In partnership with NHS Greater Glasgow & Clyde, the University of Glasgow is leading the world in driving forward this modern medicine and is at the heart of Scotland’s internationally recognised precision medicine ecosystem. The creation of a Regius Professorship in Precision Medicine formally recognises the transformative development, advancement and delivery of precision medicine by the university and the role will provide academic leadership for our innovative work.

The university’s internationally recognised pre-eminence in precision medicine, long established expertise in clinical trials and the new developments at the heart of The Queen Elizabeth University Hospital have created the ideal environment for translating research into real patient benefit. This Regius Chair will celebrate and provide overarching leadership to this exciting programme.

The title of Regius Professorship is a rare and prestigious award bestowed by the Sovereign to recognise exceptionally high quality research at an institution. Only 14 have been granted since the reign of Queen Victoria, including 12 to mark Her Majesty’s Diamond Jubilee.

As in 2012, recipients of new Regius Professorships have been selected by open competition, judged by an independent expert panel of business and academic experts. A Regius Professorship is a well-deserved reflection of the exceptionally high quality of teaching and research at an institution. Each institution will assign the title to an existing Professor at the chosen department or will appoint a new professor to take the chair and hold the title.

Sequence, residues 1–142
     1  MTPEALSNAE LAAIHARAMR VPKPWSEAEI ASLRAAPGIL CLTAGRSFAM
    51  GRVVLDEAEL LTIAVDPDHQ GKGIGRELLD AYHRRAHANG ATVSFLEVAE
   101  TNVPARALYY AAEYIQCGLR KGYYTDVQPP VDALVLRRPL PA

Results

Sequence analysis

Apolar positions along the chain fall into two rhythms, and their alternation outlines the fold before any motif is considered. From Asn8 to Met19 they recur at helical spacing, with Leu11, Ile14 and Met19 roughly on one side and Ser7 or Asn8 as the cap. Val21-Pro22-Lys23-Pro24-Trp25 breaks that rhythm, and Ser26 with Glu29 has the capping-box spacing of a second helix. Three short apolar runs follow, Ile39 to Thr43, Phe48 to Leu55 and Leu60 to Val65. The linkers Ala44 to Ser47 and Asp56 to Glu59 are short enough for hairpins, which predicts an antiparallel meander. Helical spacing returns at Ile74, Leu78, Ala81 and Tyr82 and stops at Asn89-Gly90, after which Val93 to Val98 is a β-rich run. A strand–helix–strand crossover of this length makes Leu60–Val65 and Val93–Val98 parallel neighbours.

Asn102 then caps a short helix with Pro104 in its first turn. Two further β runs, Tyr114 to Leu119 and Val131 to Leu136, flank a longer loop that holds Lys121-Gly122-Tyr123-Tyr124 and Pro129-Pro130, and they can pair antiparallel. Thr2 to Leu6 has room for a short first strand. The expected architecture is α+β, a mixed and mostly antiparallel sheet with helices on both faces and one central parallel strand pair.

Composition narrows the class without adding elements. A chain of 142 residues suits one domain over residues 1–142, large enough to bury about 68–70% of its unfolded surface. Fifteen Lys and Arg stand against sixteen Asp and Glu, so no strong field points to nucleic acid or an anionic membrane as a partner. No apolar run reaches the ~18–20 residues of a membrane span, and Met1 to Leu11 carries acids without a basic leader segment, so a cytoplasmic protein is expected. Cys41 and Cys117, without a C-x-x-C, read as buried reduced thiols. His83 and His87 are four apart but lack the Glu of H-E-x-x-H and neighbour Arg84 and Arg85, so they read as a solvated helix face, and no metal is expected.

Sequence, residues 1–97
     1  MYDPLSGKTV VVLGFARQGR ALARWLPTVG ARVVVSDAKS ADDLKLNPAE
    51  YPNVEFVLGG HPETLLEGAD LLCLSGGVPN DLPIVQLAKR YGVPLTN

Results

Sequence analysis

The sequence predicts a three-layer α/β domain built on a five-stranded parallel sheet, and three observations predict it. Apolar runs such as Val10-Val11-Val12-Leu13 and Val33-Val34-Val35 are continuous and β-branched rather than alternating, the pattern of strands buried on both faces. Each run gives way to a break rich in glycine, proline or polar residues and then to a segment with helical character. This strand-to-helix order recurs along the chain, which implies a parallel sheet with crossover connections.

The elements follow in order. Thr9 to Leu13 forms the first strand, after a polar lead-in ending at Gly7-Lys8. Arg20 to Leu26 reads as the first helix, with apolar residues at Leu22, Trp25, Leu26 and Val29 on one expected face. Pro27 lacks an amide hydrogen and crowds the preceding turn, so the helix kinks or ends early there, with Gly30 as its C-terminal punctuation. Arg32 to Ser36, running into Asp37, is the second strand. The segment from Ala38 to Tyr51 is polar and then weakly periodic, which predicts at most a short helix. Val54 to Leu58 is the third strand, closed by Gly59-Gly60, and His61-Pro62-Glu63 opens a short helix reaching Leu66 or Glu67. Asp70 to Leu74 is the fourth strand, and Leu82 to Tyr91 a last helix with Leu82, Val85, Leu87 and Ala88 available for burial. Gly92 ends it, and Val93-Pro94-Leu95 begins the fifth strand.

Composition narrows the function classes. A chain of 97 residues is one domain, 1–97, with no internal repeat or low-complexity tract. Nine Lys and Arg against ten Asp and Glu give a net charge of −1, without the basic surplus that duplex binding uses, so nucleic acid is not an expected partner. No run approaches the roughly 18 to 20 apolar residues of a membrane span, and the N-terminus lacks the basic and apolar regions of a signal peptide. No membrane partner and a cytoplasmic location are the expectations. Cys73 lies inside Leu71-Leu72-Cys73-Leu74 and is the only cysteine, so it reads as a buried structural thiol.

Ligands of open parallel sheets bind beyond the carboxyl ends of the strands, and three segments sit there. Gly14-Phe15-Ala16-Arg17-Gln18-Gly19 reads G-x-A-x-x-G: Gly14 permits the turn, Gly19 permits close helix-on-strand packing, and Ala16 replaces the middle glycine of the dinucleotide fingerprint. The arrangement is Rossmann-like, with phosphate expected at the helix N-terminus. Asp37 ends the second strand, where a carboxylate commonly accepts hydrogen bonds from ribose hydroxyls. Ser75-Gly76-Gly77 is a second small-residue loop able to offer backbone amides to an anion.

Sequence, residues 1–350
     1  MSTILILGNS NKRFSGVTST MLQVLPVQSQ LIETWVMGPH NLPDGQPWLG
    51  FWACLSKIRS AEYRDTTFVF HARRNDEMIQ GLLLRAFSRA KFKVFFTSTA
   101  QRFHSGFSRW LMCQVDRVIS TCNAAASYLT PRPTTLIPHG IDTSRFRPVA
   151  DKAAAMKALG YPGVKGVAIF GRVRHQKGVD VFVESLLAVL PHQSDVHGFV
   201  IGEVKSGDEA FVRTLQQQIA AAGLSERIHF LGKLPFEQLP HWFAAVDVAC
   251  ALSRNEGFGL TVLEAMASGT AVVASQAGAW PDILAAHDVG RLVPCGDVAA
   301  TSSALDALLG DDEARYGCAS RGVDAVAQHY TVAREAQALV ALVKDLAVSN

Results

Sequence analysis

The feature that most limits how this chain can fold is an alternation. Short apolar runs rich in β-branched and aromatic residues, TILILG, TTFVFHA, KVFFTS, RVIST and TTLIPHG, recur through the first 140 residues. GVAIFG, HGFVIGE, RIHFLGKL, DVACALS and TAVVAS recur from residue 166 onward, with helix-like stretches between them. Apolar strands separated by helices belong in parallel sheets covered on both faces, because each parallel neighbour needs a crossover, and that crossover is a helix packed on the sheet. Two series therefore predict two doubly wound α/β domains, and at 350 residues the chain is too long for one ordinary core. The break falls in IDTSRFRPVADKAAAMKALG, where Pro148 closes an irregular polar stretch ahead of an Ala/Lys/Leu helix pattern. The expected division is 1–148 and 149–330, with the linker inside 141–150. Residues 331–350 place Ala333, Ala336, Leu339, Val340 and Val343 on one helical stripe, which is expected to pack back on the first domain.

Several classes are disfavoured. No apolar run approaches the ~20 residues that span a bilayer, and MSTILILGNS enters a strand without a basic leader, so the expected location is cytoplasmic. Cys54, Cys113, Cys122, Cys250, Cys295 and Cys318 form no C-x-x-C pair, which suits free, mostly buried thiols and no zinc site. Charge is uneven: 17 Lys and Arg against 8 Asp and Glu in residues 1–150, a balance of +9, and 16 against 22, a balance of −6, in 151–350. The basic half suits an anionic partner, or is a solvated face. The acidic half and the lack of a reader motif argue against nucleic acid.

Chancellor of the Exchequer, George Osborne said: “I am passionate about promoting science and economic growth right across the country. That’s why I promised to push for prestigious new Regius Professorships not just in London and Oxbridge, but in other great centres of learning, including the Northern Powerhouse, Wales, Scotland and Northern Ireland. I’m delighted that promise is being honoured today.”

Scotland Office Minister Andrew Dunlop said: “I am delighted that Glasgow University has been granted a Regius Professorship for Precision Medicine. It is a huge honour, and recognises Glasgow’s outstanding contribution to teaching, research and innovation in this area. I am very pleased that Her Majesty the Queen has recognised the University’s contribution to this new and exciting area of science as part of her 90th birthday celebrations.”

The creation of Regius Professorships falls under the Royal Prerogative, and each appointment is approved by the Monarch on ministerial advice. For the Diamond Jubilee 12 Regius Professorship were created but prior to that only two others have been awarded in the last century, to mark the 200th anniversary of the birth of Charles Darwin in 2009. Before then, the most recent Regius Professorship was created by Queen Victoria.

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First published: 6 June 2016